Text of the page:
The campaign itself can be blitzed in about 12 hours, but that all highly depends on how well you get to grips with its mechanics and whether you get frustrated long before the credits roll. This game is definitely not for everyone, but at least you’ll learn that early rather than hours into the game.

If you do stick with it, though, it presents some incredible sequences. Bosses can be real events in their own right, but you can also create your own fun. Like a slo-mo dive off a wall, dashing to the side of an enemy who has you in their laser sights, which surprisingly presents you with an opportunity to slice through two enemies in one fell swoop. Rarely does a game make you feel like a stealthy ninja or a true assassin, but this captures that feeling brilliantly. Even more than the recent Assassin’s Creed, if I’m honest.

Sadly, the gritty cyberpunk setting of the first game doesn’t feel a whole lot different here, in fact it often feels like you’re retreading familiar levels. There are some new enemies though, including more cyborg-like entities that force you to duck under their massive beams of energy and ninjas that demand you keep eyes in the back of your head. Seriously, they’re fast.

These games are total marmite in the truest sense of the word. I know many people cited the original as a Game of the Year contender and frankly, if you loved Ghostrunner 1, you’re going to be absolutely over the moon with this one. There’s more battle patterns to learn, you can approach each scene and situation in distinct, unique ways. Come in at the side, use a piece of environment as cover, drop down on enemies from up above. The choice is often yours.

Ghostrunner 2 even has puzzles to break up the breakneck pace as you strike fuse boxes in order to activate switches or lower water in order to progress through each level. It’s a game that manages to keep its ideas fresh, despite maintaining the exact same rhythm throughout.

I never loved my time with Ghostrunner 2, but I didn’t outright hate it either. I know there’s an audience for this game, I know I’m not exactly the right fit, and I appreciate it at least sticks to what it knows, refining those mechanics so they feel pretty tight. Some frame rate drops, cheap deaths and random bugs and glitches didn’t help my mood very much, though.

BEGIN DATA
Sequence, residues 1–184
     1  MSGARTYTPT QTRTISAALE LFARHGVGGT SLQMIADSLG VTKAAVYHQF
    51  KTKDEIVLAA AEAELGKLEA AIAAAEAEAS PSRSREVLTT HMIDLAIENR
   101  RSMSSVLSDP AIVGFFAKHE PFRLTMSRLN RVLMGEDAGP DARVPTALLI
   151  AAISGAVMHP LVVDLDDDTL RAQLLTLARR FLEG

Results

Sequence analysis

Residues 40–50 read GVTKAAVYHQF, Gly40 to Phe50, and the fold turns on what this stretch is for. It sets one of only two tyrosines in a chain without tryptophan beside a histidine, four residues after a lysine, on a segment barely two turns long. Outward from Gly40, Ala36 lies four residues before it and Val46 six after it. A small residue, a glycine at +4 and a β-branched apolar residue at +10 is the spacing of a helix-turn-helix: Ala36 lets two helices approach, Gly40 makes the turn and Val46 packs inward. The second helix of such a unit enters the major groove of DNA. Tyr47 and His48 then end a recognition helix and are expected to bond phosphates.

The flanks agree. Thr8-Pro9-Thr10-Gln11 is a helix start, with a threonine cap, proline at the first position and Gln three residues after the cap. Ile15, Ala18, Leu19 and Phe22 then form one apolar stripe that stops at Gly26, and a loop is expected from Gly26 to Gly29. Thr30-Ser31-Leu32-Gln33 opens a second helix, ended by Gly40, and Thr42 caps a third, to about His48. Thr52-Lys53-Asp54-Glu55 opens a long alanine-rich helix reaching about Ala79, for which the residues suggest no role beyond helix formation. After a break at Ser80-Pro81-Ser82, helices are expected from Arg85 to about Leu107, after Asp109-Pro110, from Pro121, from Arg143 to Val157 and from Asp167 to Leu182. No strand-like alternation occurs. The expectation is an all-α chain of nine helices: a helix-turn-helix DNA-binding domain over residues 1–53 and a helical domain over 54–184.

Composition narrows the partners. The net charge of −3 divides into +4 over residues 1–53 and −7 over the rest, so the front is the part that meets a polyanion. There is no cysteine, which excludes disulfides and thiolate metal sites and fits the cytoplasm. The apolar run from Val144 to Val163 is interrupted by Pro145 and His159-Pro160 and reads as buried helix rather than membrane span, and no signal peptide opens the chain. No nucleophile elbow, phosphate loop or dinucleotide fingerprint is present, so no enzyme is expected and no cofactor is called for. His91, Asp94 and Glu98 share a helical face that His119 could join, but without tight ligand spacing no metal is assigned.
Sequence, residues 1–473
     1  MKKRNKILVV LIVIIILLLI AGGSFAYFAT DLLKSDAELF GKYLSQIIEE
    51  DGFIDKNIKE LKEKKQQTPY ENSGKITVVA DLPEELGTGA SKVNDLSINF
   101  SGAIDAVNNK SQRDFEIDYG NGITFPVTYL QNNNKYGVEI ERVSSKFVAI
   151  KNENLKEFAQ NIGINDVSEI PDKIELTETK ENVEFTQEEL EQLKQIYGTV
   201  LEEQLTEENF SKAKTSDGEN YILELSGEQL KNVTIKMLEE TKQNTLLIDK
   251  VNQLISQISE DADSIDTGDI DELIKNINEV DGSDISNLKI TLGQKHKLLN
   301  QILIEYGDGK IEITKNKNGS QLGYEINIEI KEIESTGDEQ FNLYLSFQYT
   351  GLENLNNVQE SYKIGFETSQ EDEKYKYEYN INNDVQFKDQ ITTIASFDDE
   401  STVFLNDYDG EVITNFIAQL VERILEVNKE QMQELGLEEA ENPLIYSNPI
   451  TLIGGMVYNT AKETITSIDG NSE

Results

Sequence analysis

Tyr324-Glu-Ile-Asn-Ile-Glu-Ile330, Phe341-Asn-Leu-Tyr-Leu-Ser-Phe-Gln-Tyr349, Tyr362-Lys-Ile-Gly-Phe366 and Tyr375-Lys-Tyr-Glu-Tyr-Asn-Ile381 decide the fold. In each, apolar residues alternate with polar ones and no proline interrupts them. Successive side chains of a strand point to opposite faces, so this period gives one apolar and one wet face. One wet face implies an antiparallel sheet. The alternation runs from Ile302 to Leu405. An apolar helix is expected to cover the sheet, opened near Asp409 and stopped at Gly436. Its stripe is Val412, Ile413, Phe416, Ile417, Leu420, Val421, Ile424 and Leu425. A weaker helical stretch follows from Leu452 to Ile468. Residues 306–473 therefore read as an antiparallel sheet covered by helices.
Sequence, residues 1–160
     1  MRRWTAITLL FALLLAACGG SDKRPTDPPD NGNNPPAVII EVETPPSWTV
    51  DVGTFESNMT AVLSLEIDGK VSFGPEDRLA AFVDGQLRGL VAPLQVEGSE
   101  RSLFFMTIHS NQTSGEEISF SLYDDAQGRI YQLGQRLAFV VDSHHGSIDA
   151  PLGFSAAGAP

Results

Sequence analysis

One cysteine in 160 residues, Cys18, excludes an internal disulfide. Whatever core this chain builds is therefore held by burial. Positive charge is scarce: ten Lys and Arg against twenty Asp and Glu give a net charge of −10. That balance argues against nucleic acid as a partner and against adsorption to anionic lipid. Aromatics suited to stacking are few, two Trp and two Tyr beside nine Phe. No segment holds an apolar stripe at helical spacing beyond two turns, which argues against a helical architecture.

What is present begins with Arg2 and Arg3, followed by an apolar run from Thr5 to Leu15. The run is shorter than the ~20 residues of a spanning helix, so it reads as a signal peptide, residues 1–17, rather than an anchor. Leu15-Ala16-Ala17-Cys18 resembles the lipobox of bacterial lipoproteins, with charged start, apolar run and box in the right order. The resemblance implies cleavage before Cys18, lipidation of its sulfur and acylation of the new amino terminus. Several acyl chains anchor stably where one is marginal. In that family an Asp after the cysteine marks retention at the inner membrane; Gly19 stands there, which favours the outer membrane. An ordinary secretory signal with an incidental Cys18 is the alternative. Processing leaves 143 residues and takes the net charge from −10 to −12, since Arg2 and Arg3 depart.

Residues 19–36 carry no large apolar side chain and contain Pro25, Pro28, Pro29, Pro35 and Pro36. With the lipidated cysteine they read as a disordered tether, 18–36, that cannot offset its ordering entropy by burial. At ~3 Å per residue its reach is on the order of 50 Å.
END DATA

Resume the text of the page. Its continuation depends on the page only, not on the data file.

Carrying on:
But let me give it to you simple. If you loved the first, you’ll love the second. If you don’t mind punishing battles that you don’t always learn anything from and sometimes have to rely on dumb luck to get through, you’ll be alright here too. But there’s no real middle ground with this one, even if you really, really want there to be.


Ghostrunner 2 follows on very closely from the first, adding in some enemies, abilities and mechanics, but very much maintaining the essence that made it a cult hit in the first place. Its brutal and often unfair difficulty mean its really not going to be for everyone and the performance and bugs could present a real tipping point for those who are just about managing to keep pace. But for fans of the first, those who love dynamic action sequences and are ok with a little bit of tough love, you’re going to fall head over heels for this one. 


+ Dynamic action unlike anything else in the genre right now
+ Some sequences feel like absolute thrill-rides in execution
+ Story is a bigger focus and better developed than before.


– Difficulty is really rough at times and definitely creates some frustration
– Can make you quite motion sick if you’re prone to it.
– Performance problems lead to frame rate dips
– Quite a few bugs and glitches lead to this being a bit of a rough ride at times.

Ghostrunner 2  is out from today in early access on PC, PS, and Xbox 

Code Kindly Provided by 505 Games for review purposes

Played on PlayStation 5

About the author

Jay Jones

Jay is a massive football fan - Manchester Utd in case you were wondering - and lover of gaming. He'll play just about anything, but his vice is definitely Ultimate Team.